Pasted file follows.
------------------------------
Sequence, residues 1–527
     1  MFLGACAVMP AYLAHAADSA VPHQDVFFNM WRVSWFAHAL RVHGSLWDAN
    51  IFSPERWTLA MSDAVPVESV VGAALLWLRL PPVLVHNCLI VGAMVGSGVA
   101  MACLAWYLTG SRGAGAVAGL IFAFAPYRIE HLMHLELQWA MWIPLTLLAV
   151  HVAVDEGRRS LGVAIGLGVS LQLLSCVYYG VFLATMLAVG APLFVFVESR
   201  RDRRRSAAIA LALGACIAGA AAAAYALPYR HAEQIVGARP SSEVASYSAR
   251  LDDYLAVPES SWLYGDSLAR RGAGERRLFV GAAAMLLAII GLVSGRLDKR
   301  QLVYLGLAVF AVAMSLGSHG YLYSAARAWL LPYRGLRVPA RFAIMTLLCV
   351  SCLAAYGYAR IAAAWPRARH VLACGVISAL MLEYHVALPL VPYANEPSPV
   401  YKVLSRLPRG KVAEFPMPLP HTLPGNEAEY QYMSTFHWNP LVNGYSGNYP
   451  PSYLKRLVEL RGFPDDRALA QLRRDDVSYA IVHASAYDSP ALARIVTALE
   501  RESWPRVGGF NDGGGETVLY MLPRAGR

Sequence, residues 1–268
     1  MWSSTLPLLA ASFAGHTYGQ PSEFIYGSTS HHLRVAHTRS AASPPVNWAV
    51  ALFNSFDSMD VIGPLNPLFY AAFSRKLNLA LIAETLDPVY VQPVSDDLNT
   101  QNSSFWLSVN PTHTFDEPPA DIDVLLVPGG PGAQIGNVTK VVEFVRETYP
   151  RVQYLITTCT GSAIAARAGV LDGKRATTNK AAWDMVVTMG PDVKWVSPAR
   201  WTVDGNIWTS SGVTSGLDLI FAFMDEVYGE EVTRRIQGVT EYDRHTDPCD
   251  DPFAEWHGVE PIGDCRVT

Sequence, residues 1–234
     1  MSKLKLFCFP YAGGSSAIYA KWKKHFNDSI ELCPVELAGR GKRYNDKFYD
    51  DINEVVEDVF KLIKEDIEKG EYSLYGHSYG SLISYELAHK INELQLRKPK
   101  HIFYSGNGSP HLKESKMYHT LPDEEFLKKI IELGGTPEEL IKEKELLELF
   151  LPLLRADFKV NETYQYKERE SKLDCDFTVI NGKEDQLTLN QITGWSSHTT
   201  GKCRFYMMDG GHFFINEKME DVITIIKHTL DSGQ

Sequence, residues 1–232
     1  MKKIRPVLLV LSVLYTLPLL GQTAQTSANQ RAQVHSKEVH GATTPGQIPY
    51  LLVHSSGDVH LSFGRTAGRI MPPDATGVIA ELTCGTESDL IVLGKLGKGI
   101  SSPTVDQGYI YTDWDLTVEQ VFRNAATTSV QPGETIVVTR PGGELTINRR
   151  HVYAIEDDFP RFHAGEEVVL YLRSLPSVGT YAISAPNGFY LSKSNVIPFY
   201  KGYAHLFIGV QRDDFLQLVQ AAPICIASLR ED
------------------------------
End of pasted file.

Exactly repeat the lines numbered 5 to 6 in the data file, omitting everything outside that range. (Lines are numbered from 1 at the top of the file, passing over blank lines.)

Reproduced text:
   151  HVAVDEGRRS LGVAIGLGVS LQLLSCVYYG VFLATMLAVG APLFVFVESR
   201  RDRRRSAAIA LALGACIAGA AAAAYALPYR HAEQIVGARP SSEVASYSAR